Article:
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The PPE Saga: From Pandemic to Policy Issue

As rumblings of a Wuhan-born pathogen began entering the global psyche in early 2020, not even the world’s foremost health experts anticipated the chaos that would soon unfold. Also unforeseen was the pivot by many American producers to PPE manufacturing that would save lives, and in some cases, their businesses.

Over the Chinese New Year holiday that began in late January, China’s population was battered by the rapid spread of the coronavirus, and the global sourcing superpower’s supply chains ground to a quick and vicious halt. International partners panicked over products that might never arrive, still believing their bottom lines to be the most pressing risk.

But a bigger problem was brewing in the U.S., even before the first cases of Covid were confirmed on American shores. Soon, the nation would be overtaken by an invisible invader, and it would be powerless to slow its spread without the help of its largest overseas competitor.

It’s likely that the term “personal protective equipment,” along with its acronym, PPE, never crossed the lips of most Americans before 2020. But as the pandemic roiled the country’s healthcare sector, these items—masks, face shields and gowns—became more valuable than virtually any other cargo. And the U.S. was deeply and inarguably dependent on China, its trade war adversary, for the millions of products needed to keep front-line workers safe.

A dystopian drama followed, winding its way through metropolitan meccas like New York and Los Angeles and wreaking havoc on small cities and towns. And as doctors, nurses and the American government cried out with an unending—and often, unmet—need for more life-saving gear, a contingent of American producers rose to meet the call.

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The ramp up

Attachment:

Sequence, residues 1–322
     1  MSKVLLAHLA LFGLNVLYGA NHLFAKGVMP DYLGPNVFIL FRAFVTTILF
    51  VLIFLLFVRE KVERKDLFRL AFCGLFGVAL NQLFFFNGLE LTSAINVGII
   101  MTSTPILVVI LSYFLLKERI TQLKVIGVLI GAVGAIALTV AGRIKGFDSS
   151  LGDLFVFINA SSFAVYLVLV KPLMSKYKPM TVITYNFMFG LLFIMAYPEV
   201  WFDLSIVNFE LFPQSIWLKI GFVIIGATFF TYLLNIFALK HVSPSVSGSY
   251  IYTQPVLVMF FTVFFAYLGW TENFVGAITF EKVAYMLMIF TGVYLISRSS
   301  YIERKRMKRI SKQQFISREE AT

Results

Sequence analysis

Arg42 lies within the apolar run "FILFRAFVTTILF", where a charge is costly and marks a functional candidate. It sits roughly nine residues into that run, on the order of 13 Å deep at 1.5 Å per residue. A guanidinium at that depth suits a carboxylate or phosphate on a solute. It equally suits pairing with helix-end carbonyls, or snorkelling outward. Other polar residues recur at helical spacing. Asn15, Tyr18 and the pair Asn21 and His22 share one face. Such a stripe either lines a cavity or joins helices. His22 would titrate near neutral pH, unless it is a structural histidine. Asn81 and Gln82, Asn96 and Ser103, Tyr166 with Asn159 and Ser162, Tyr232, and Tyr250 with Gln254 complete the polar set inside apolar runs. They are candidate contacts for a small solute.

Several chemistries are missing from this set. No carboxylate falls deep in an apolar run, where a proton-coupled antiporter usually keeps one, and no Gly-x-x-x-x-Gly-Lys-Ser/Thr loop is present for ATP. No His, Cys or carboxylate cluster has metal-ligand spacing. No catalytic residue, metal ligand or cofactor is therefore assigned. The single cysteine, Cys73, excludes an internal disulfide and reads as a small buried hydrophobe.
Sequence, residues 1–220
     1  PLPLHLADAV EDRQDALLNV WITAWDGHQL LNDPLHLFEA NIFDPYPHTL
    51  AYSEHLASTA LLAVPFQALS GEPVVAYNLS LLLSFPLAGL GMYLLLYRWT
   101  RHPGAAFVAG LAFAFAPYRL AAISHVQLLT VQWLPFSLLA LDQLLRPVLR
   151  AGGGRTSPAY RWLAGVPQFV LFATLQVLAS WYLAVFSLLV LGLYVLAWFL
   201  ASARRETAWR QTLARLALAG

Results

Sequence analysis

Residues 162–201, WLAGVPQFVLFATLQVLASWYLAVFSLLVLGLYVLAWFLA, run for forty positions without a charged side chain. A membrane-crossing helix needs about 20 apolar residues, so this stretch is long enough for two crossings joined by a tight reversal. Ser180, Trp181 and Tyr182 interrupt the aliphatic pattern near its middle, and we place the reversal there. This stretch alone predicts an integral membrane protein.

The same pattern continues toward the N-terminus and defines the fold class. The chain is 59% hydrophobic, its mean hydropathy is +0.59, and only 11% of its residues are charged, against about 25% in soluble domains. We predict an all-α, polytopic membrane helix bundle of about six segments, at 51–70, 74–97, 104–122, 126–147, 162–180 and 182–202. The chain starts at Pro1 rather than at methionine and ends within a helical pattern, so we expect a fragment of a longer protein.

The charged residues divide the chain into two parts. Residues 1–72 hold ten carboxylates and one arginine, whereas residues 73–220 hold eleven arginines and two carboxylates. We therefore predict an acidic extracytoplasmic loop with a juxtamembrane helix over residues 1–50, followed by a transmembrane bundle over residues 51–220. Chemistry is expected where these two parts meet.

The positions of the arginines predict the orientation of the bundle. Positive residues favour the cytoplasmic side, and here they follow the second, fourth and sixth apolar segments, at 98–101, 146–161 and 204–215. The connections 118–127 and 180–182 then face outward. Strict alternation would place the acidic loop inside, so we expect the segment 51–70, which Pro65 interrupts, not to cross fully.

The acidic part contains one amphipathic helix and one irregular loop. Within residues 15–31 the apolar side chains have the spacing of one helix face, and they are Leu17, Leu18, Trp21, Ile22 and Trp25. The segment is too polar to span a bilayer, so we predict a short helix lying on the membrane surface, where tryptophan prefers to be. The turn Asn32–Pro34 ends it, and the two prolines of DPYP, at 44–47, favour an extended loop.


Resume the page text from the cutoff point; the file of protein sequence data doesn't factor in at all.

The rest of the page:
“It was really just pure survival,” Mitch Cahn, president of New Jersey-based Unionwear told Sourcing Journal of his company’s move into PPE production. The manufacturer, which deals in sports, military and election-related merch like baseball caps, trucker hats, beanies, scarves and backpacks felt the PPE pull in early March, Cahn said, as horror stories about overwhelmed hospitals dominated the media cycle and the company’s usual business dried up.

Unionwear saw orders canceled as spring sporting events were put on hold and even the presidential primary race became second-tier news. “The other business that we had was doing a lot of gear for the census takers,” he added—a lifeline that was cut when the U.S. Census Bureau delayed the nationwide survey for a period of months. The company had also been under contract for merchandise for the U.S. Olympic team, but the games were postponed until 2021. “We went from being way too busy to having nothing to do in like two weeks,” he said.

Unionwear, known for its election and sports-related merch, pivoted to PPE during the pandemic.
Unionwear, known for its election and sports-related merch, pivoted to PPE during the pandemic. Unionwear

According to Cahn, his company’s union, Workers United, is affiliated with the Service Employees International Union (SEIU), which represents the nation’s healthcare workers. Having heard about troubles in nearby New York City medical centers, Cahn went through both organizations to reach the Greater New York Hospital Association. “In short order we were making gowns and face shields,” he said. “They knew we could do it, and that we could get FDA waivers for those products—and we hit the ground running and made a lot of them.”

Coincidentally, Unionwear’s capabilities mirror the technical expertise, along with the material and machinery investment, needed to create uber-specific PPE staples like face shields.

“I’d never heard of a face shield and had no idea what it was,” Cahn said, until he was sent a photo by a hospital administrator. The company happens to make three-ring binders, and Cahn immediately recognized the clear plastic as something he already had in his arsenal. “It’s wrapped around every binder that we make,” he said. Meanwhile, the band used to secure the shield around the wearer’s head was similar to the construction of a baseball hat, and the company created a comfortable cushion with the foam used to make its backpack straps. “We had a supply chain already set up for it,” Cahn added, and the company went on to make about 500,000 face shields for doctors across the region, along with hundreds of thousands of gowns.